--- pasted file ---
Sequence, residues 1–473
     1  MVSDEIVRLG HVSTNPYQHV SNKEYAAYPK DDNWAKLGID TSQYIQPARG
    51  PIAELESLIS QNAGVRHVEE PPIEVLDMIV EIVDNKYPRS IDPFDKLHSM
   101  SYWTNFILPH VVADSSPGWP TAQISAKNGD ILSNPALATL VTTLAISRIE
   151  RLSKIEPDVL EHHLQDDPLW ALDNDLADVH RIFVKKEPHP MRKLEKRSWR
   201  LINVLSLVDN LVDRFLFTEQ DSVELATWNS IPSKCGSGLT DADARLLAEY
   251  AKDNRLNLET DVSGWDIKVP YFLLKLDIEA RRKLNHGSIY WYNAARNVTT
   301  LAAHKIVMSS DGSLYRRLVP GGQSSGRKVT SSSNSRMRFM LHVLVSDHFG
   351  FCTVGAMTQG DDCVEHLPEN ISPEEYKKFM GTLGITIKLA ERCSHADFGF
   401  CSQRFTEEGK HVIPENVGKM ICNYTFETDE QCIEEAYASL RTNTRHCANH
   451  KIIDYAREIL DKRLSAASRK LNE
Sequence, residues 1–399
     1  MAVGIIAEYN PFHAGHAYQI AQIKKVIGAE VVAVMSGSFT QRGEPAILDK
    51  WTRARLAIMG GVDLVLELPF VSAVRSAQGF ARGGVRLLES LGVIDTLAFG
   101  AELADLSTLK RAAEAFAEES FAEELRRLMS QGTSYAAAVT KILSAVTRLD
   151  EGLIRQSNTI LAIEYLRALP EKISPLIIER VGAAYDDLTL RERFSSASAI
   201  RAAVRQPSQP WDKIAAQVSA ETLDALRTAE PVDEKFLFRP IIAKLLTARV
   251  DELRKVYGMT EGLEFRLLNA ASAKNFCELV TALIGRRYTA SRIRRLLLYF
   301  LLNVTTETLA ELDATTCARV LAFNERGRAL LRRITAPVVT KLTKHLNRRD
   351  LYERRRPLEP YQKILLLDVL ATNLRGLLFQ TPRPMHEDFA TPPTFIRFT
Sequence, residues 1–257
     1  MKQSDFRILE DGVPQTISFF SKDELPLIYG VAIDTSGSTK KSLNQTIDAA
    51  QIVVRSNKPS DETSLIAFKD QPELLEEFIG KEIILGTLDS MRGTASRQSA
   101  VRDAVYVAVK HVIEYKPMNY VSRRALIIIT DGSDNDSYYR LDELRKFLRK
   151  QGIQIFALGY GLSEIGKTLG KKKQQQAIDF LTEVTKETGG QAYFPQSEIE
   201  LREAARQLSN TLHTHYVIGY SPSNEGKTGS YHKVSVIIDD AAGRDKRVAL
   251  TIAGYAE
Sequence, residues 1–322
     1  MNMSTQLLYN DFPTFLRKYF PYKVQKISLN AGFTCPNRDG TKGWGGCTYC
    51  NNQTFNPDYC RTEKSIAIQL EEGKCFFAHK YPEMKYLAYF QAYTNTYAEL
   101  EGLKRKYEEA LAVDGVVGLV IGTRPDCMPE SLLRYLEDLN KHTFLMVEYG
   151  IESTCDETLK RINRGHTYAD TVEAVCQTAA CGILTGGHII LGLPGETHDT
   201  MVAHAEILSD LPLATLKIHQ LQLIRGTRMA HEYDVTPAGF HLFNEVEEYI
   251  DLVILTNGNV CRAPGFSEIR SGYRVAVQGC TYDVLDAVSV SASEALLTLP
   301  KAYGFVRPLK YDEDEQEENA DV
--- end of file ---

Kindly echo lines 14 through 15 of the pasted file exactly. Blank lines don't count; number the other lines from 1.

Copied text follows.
    51  WTRARLAIMG GVDLVLELPF VSAVRSAQGF ARGGVRLLES LGVIDTLAFG
   101  AELADLSTLK RAAEAFAEES FAEELRRLMS QGTSYAAAVT KILSAVTRLD